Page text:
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Nonresidential Construction Spending Declines in March as Pandemic Halts Projects

National nonresidential construction spending fell 0.1% in March and is up 2.0% compared to the same time last year, according to an Associated Builders and Contractors analysis of data published today by the U.S. Census Bureau. On a seasonally adjusted annualized basis, spending totaled $802.6 billion for the month.

    

Among 16 nonresidential subcategories, 12 experienced a decline in spending on a monthly basis. Private nonresidential spending fell 1.3% from February, while public nonresidential construction spending increased 1.6%.

    

Numerous impediments to completing construction projects led to declines in most categories of private construction spending in March, according to an analysis by the Associated General Contractors of America of government data. Association officials warn that the Treasury Department’s threats to audit or prosecute some Paycheck Protection Program loan recipients and deny loan recipients tax deductions are making it harder for construction firms already coping with declining private-sector demand to retain staff.

    

“Unfortunately, these numbers are only the beginning of what seems sure to be a steep decline in construction spending as current projects finish and new work is canceled or postponed indefinitely,” said Ken Simonson, the association’s chief economist. “Our latest survey found that projects as far out as June or later were being canceled last month (April).”

    

The economist noted that 10 out of 11 private nonresidential construction categories in the Census Bureau’s monthly construction spending release declined from February to March. The only exception—communication construction—probably reflected increased demand for structures to accommodate the jump in video conferencing for business, educational and personal use, Simonson added.

    

“In addition to the downturn in private construction, public categories were mixed,” Simonson said. “For instance, highway and street construction spending increased by 4.6%, which probably reflected favorable weather and the ability of highway contractors to work longer hours on nearly deserted roads. But other major public segments, including educational construction and transportation structures such as transit projects, declined. Further declines in public construction are likely as state and local governments struggle to balance their budgets in the face of unbudgeted expenses and steep, unanticipated revenue decreases.”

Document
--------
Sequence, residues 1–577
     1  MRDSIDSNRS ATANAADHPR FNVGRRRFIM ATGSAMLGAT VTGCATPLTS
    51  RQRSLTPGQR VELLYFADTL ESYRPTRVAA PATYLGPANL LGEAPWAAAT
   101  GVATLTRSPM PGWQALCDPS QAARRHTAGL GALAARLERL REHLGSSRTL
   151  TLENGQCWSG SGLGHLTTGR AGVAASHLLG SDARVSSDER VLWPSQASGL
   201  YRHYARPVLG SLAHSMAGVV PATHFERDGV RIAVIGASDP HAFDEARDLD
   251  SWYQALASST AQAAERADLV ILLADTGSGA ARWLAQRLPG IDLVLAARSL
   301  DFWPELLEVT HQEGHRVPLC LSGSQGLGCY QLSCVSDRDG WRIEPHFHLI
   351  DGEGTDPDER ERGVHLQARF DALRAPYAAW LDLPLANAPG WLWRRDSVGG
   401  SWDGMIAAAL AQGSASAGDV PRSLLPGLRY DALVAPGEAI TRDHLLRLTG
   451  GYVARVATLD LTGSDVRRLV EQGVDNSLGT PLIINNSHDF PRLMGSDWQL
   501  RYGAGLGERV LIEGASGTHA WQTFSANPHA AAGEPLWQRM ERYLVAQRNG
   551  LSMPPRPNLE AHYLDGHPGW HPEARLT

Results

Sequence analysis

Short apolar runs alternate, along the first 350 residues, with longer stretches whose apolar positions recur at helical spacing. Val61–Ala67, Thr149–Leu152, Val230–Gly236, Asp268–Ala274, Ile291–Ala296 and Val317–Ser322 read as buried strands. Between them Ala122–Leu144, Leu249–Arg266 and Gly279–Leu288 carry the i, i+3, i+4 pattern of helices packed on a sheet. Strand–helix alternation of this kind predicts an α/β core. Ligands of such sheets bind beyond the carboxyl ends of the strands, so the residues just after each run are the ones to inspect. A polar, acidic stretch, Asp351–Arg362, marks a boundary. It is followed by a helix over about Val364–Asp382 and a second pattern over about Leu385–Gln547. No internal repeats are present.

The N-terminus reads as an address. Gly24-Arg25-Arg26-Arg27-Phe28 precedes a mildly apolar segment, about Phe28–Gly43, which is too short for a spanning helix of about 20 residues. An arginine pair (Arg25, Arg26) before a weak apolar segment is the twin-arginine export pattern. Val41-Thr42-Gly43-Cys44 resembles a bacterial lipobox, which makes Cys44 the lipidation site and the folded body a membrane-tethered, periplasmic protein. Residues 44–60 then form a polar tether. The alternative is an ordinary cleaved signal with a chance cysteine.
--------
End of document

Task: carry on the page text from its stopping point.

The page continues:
“Today’s (May 1) data release answers precious few questions,” said ABC Chief Economist Anirban Basu. “The great debate has been whether the combination of pre-existing backlog as reported in ABC’s Construction Backlog Indicator and the classification of construction as an essential activity in much of the nation would help shield the sector from the downturn. Based on March construction spending data, industry activity largely proceeded apace, with recessionary forces impeding broader industry activity to only a limited extent.

    

“However, the data are inconclusive,” said Basu. “Economically, the pandemic impacted only a portion of March. Moreover, March represented only the tip of the iceberg in terms of the economic impact of COVID-19, as April was far worse. Many general contractors are in the midst of discussions with developers and other consumers of construction services regarding potential project postponements and cancellations. While the health of public finances held up in March, they collapsed in April as governors, mayors, county executives and others began to observe large gaps in budgets. According to ABC’s Construction Confidence Index, confidence in sales, profit margins and staffing levels plummeted in late March. This strongly implies that pre-existing backlog may not be as potent a defensive mechanism as it typically is during the early stages of an economic downturn.

    

“Furthermore, there have been anecdotal reports of construction projects shutting down temporarily due to lingering concerns about the need for aggressive social distancing and associated worker availability challenges,” said Basu. “All of this suggests that the March spending data may be supplying a false sense of industry-wide stability. Data characterizing construction spending in April and May will be far more instructive.”

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